Watson and Crick cracked the code. But would you be happy to have them in your lab? One an over-eager over-ambitions young scientist, the other a layabout PhD student struggling to write up!

The combination of work by Watson, Crick, Wilkins and Franklin were key to building the double-helix model. See the play now at the Noel Coward theatre! However Matt made the point that the data were not stolen. In June of this year Matthew described Watson's epilogue in "The Double Helix" as "a generous and fair description by Watson of Franklin’s vital contribution and a recognition of his own failures with respect to her".

Matt went on to describe the work of Schrodinger, Shannon, Weiner, and others. Schrodingers code: "What is life" well worth reading according to Matt, describes a hereditary material that must contain a code script (the first use of this term related to genes), that contains the means to put the code into operation. Shannon and Weiner's books on communication and cybernetics. Discussed the infamous RNA tie club, a drinking club for select attendees of UK Genome Science!

After the 1953 paper Genetical Implications of the structure of Deoxyribonucleic Acid , Gamow suggested in a letter 20 "spaces" in the double helix that code for proteins. Gamow was thinking along slightly the wrong lines, but the letter stimulated discussion on the magic number 20. Settled on triplet code with redundancy and non-use of some triplets e.g. palindromes, homopolymers. Watsons central dogma (almost exactly what we know today): a flow of information as a sequence of bases, and the possibility of going from RNA-DNA but never from Protein backwards! Matt pointed out that Watson's more or less invents phylogenomics, and the existence of tRNA!

Lastly Matt discussed the aspect of control by DNA of "the genes are like information tapes that programme the organism" John von Neumann's universal constructor.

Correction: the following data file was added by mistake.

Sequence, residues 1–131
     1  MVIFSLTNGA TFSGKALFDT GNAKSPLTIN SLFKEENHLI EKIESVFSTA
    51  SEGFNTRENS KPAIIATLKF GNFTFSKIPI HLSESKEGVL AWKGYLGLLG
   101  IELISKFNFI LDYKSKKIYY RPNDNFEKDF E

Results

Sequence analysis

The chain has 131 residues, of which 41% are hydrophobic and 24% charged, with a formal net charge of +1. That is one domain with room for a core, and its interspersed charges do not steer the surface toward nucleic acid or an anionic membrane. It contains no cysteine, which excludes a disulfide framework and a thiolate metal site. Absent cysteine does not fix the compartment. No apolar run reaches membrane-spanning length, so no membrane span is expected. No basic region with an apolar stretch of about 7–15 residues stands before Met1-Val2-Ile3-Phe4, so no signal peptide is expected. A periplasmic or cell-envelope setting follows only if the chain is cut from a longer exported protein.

The final cracking of the code came from Nirenberg and his experiments with UUU RNA, discounted by the RNA Tie Club as not likely to be important. This experiment was the first step in deciphering the codons of the genetic code and the first demonstration of messenger RNA. Matt described his "very boring" talk in Moscow possibly only understood by a handful of attendees. Showed Cricks copy of the programme with Nirenberg added to the agenda to explain the significance of his discovery. Nirenberg shared the 1968 Nobel Prize in Physiology or Medicine.

One question remains unsolved: How did the genetics code come into existence? Jaques Monod "evolution tinkers, it does not design".

Lessons from Matt's talk: stupid experimetns can be vital, theory is imprtant but you must experiment, and the future can be difficult to predict!

I reviewed the recent biography of Fred Sanger, I posed the question as to whether Sanger sequencing would have happened without Fred, I think the pressure to decode the genome was so great that DNA sequencing was an inevitability. I wonder if Matt would get to a similar conclusion?

Neil Hall closing remarks: Thanks to everyone for coming, speaking, helping out; and especially thanks to Nick for the best burger Neil has ever had!